Northern Communities Endangered, Experts Say. A "wave of tumultuous change" is threatening remote Arctic communities, says Sheila Watt-Cloutier, who was nominated for a 2007 Nobel peace prize for her work in linking climate change to human rights. And the culprit, she says, is climate change. "The overall invasion of new species, of new tourists, of workers who are on these ships are concerns for everybody living up there in terms of safety, security and health," said Watt-Cloutier, a visiting scholar at Mount Allison University in Sackville. The Expositor


HoldrenCongress Reprimands White House Office Over China after office ignores restrictions on dealing with Chinese regime; budget slashed. A recent dispute between a powerful congressman and the executive branch about how the United States should deal with China-and what technology it should share-reached a decisive conclusion recently. The White House's science office took a body blow, with 32 percent of its funding cut after it decided to flaunt Congress. The controversy began early in the year when Rep. Frank Wolf (R-Va.10), an outspoken critic of the Chinese Communist Party (CCP), inserted a clause into a spending bill that prevented the Office of Science and Technology Policy (OSTP) and NASA from engaging in bilateral cooperation with China or any Chinese company. The Epoch Times 


Legislative Actionfutureevents  


No Arctic legislation was formally considered yesterday.

Future Events                                   


National Science Foundation Town Hall Meeting, December 7. The Arctic Sciences Division (NSF) will hold a Town Hall Meeting from 12:00 - 1:30 pm in the ARCUS community room (San Francisco Marriott Marquis, Pacific Room J). Note the change from the AGU program book. The Deputy Director and Program Officers will discuss the Division's portfolio, some recent awards, future directions, and--most importantly--take questions and hear comments from the community. If you have questions, contact


Alaska Marine Science Symposium, January 16-20, 2012. The symposium was first held in 2002 to connect scientists in Alaska, the Pacific Northwest and beyond in an effort to collaborate and communicate on research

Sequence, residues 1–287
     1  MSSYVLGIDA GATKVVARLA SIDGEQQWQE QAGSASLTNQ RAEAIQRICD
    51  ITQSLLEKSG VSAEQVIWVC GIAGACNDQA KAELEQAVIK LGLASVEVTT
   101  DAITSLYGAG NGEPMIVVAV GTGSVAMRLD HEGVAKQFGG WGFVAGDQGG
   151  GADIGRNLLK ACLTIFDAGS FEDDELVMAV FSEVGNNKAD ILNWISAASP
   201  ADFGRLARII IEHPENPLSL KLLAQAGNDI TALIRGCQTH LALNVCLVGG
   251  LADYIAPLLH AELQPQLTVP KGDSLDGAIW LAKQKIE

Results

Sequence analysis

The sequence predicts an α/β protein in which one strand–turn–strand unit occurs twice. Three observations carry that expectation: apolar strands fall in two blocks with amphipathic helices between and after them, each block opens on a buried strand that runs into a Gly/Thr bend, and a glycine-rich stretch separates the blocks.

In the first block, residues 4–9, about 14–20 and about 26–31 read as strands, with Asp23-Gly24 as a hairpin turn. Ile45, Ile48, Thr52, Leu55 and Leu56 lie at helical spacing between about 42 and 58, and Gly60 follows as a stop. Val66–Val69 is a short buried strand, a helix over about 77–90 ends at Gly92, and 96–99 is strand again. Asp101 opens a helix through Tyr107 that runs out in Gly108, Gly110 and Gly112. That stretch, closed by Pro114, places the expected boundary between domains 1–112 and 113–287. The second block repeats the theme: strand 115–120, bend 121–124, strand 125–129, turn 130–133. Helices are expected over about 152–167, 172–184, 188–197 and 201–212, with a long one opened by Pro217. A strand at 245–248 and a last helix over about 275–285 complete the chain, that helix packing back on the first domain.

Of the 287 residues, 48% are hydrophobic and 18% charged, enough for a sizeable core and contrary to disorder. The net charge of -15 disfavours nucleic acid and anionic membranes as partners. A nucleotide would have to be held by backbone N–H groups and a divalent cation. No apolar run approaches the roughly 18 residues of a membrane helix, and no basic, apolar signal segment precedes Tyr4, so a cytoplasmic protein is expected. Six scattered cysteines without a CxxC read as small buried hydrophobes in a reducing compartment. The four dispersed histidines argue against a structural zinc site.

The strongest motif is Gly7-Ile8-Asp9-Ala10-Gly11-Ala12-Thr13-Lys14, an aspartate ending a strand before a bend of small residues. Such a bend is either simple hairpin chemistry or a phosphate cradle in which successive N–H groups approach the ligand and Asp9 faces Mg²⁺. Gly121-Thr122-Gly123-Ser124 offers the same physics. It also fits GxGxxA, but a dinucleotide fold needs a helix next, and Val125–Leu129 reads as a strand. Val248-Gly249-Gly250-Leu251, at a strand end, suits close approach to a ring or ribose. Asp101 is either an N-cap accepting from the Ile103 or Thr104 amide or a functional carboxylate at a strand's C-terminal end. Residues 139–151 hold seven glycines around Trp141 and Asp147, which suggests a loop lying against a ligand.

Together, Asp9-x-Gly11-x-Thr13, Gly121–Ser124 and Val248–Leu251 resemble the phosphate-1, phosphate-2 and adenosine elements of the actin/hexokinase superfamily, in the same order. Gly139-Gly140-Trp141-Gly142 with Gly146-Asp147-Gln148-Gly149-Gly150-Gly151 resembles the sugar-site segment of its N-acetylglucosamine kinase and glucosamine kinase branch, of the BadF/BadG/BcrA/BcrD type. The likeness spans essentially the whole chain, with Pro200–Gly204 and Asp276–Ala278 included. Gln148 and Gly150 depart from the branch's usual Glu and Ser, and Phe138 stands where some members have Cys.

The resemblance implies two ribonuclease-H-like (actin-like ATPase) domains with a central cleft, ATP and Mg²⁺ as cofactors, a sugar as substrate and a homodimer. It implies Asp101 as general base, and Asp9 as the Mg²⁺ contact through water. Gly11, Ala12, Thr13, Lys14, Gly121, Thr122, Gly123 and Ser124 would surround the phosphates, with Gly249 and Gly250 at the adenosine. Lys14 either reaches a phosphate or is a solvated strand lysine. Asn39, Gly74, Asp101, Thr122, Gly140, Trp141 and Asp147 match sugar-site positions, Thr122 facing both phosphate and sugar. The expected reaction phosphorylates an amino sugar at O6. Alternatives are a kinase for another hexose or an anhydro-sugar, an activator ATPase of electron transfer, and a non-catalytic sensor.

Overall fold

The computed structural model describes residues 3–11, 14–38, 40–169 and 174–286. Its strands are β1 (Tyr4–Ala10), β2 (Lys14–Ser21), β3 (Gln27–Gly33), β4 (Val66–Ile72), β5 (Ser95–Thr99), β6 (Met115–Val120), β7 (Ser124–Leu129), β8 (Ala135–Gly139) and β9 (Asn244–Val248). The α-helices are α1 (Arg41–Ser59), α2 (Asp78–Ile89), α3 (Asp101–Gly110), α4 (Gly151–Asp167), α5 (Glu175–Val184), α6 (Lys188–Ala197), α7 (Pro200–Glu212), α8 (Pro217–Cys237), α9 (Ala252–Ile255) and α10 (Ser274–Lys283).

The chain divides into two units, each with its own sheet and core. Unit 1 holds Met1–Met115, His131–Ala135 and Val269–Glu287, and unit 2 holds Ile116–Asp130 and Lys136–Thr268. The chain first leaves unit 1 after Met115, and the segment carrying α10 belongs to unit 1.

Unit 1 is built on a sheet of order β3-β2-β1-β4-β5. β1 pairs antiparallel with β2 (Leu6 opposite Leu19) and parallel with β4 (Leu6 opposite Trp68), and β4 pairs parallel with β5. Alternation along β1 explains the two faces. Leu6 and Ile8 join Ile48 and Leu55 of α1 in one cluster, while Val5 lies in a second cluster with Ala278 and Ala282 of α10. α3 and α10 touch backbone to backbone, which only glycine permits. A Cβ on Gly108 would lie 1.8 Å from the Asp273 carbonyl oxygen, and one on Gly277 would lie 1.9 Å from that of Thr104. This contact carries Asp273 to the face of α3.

activities in the marine regions off Alaska. There will be plenary and poster sessions featuring a broad spectrum of ocean science on issues of climate, oceanography, lower trophic levels, the benthos, fish and invertebrates, seabirds, marine mammals, local and traditional knowledge, and socioeconomic research. There will also be speakers, workshops and special sessions.


Workshop: Responding to Arctic Environmental Change: Translating Our Growing Understanding into a Research Agenda for Action Jan. 30-Feb. 1.  

Queen's University, Kingston, Canada. Co-sponsored by International Study of ArcISAC logotic Change (ISAC) and the School of Policy Studies at Queen's University. Endorsed by the International Arctic Science Committee, this workshop is the first in a planned series of meetings that aim to collectively shape and coordinate initiatives for research that directly addresses the needs of stakeholders who are affected by change or who are addressing arctic environmental change. The long-term objective is to enable local people, the arctic nations and the wider global community, including the scientific community, to better respond to a changing Arctic. This workshop is a pre-IPY 2012 Conference event. It is intended to develop a science plan that will feed into and further evolve at IPY 2012 Conference "From Knowledge to Action". For more information and to register for the workshop go here.